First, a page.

Cancer Ablation by Water Vapor
Tough on Cancer. Gentle on Patients.
water vapor technology
Convective water vapor energy technology is a platform to treat a variety of endourological conditions beginning with Benign Prostatic Hyperplasia (BPH), which was cleared by FDA in 2015 and launched soon thereafter as the Rezūm® System.
The technology applies the thermal energy stored in sterile water vapor to convectively deliver targeted, precise treatments to the cancerous tissue in a simple transurethral procedure. Clinical studies treating prostate cancer patients outside the U.S. have shown excellent treatment effect and safety outcomes.
This completely new treatment for prostate cancer is also gentle on the patient. Following the treatment, patients typically go home with no hospital stay and most are back to their regular lifestyle the next day, while traditional prostate cancer treatments entail surgical treatment, a hospital stay, and potential side effects significantly impacting quality of life.
water vapor technology
Convective water vapor energy technology is a platform to treat a variety of endourological conditions beginning with Benign Prostatic Hyperplasia (BPH), which was cleared by FDA in 2015 and launched soon thereafter as the Rezūm® System. The technology applies the thermal energy stored in sterile water vapor to convectively deliver targeted treatments to the cancerous prostate tissue in a simple transurethral procedure.
Types of Cancer
Prostate cancer is one of the most common cancers incurred by men in the United States (US) and is a major public health issue. The American Cancer Society estimates that in 2019 there will be 174,650 new cases, and 31,620 deaths attributed to prostate cancer in the US. Although the disease-specific mortality rates continue to decline, prostate cancer is the second leading cause of cancer death in men, and currently there are nearly 2.9 million American men living with the disease1.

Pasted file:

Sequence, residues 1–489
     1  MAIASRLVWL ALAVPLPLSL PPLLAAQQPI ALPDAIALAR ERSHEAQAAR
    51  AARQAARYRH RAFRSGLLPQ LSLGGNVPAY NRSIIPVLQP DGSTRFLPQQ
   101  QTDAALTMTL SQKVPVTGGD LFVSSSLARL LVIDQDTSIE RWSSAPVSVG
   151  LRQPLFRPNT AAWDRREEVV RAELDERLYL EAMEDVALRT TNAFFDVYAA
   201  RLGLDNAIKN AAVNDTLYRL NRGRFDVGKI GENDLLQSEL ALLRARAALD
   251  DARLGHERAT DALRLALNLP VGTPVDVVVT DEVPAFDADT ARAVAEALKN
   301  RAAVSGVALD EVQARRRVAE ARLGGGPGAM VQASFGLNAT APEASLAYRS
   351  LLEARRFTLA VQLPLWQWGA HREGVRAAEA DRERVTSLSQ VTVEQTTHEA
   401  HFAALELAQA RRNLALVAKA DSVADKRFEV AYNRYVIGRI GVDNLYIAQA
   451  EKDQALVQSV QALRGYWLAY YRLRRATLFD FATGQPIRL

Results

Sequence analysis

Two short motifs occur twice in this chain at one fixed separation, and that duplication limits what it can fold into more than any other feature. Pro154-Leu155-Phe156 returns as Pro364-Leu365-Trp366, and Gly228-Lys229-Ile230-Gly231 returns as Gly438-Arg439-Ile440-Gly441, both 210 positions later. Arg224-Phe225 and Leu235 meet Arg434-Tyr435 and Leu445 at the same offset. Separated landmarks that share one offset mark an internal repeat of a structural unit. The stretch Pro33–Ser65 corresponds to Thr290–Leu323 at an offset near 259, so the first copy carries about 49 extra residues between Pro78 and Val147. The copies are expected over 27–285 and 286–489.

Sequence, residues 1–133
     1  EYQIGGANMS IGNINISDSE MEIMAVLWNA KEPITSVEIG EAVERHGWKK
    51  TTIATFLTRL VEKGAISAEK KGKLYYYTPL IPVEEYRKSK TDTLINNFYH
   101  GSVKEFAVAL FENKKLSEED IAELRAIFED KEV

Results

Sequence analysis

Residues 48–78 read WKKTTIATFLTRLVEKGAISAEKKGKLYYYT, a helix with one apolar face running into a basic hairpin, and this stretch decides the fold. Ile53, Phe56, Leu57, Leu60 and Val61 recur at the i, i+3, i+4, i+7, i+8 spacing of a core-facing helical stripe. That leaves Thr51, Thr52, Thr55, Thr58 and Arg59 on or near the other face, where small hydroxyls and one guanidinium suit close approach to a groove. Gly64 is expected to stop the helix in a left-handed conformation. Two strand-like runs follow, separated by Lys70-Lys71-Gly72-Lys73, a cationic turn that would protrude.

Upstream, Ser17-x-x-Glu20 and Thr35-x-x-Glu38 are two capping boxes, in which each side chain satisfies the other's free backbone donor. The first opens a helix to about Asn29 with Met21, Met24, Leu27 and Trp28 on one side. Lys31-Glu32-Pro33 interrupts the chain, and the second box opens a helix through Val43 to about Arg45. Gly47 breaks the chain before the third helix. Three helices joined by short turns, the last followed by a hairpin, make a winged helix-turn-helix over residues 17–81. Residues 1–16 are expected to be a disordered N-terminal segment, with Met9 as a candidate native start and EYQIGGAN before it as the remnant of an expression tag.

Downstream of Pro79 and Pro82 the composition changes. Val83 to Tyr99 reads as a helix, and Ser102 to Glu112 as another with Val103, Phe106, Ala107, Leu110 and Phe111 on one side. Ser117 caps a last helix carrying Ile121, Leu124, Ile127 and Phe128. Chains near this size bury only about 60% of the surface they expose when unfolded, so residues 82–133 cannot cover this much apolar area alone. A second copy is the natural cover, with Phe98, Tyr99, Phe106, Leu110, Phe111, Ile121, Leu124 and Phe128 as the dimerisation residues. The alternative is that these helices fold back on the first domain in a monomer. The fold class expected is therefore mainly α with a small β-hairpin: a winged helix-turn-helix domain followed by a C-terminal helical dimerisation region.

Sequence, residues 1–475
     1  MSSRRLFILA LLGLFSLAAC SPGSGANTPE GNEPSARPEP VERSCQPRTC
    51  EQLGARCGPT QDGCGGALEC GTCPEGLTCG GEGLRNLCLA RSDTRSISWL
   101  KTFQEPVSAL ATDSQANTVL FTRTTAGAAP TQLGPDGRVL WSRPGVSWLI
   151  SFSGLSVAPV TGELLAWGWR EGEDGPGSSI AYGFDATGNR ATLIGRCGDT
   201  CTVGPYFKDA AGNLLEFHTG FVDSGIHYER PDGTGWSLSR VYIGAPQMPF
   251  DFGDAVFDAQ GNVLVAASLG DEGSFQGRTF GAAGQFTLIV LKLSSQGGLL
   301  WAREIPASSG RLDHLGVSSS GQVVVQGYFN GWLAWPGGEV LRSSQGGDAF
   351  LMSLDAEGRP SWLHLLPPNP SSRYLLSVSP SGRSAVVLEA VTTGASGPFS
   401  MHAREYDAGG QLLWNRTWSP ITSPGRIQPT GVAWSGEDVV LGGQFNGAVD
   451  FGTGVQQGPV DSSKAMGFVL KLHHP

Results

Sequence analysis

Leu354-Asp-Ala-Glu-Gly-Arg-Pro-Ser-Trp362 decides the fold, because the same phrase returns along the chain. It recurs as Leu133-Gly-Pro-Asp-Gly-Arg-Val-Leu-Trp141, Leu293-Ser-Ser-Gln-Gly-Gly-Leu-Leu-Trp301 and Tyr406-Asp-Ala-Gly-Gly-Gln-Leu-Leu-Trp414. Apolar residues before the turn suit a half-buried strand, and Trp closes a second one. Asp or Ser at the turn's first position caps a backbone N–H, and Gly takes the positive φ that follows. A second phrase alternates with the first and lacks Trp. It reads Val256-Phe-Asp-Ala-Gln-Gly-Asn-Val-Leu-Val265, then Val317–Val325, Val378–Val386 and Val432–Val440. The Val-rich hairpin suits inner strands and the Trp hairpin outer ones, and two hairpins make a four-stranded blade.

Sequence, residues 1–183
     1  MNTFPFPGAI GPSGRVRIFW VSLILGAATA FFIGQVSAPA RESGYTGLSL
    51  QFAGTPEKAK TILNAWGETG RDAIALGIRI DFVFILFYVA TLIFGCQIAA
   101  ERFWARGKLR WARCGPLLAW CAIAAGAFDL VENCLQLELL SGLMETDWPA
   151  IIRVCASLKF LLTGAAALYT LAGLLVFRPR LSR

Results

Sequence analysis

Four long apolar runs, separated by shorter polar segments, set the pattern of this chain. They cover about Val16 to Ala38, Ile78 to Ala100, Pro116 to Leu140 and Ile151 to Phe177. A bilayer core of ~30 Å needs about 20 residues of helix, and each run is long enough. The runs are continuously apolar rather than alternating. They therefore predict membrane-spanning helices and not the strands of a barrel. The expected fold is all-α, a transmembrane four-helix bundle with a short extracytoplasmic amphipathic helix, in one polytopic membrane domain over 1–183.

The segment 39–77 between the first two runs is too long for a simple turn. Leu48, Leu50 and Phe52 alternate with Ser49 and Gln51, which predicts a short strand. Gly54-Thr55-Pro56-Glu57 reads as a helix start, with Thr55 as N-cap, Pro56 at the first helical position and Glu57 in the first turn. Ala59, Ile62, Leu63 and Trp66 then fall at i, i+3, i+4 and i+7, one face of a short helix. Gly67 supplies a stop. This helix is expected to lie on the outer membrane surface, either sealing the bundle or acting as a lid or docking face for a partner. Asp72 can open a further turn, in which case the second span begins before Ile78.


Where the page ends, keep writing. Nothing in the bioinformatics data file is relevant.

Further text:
In approximately 90 percent of men with prostate cancer, the disease is considered to be confined to the prostate gland (clinically localized disease), and half of the US men diagnosed annually with localized prostate cancer meet the American Urological Association’s (AUA’s) “low risk”. Many of these men and their physicians would prefer a less invasive, localized treatment of the cancer versus the traditional removal (radical prostatectomy) or radiation of the entire prostate.
According to the Kidney Cancer Association, 66,340 people in the United States will be diagnosed with kidney cancer in 2019, and 14,970 will die from the disease2. At least one genetic disorder, called von Hippel-Lindau disease, is associated with a high risk of kidney cancer. However, most risk factors are similar to other cancer types. These factors include smoking and obesity. Symptoms of kidney cancer may include blood in the urine, an abdominal mass, and back or flank pain.
Early detection can improve prognosis. Treatment for kidney cancer varies depending on whether the cancer has metastasized (spread) or is localized to the kidney. Kidney cancer is most often treated with surgery, targeted therapy, immunotherapy, or a combination of these treatments. Radiation therapy and chemotherapy are occasionally used3.
It is estimated that there will be 80,470 new cases of bladder cancer (about 61,700 in men and 18,770 in women) will occur in the US in 2019. Bladder cancer is the fourth most common cancer in men. About half of all bladder cancers are first found while the cancer is still found only in the inner layer of the bladder wall. About 1 in 3 bladder cancers have spread into deeper layers but are still only in the bladder. As with most types of cancer the risk of bladder cancer increases with age, and average age of diagnosis of bladder cancer is 734.
Standard treatment options for bladder cancer include surgery, radiation therapy, chemotherapy, and immunotherapy. The type of treatment chosen can vary depending on the specific type and stage of the cancer.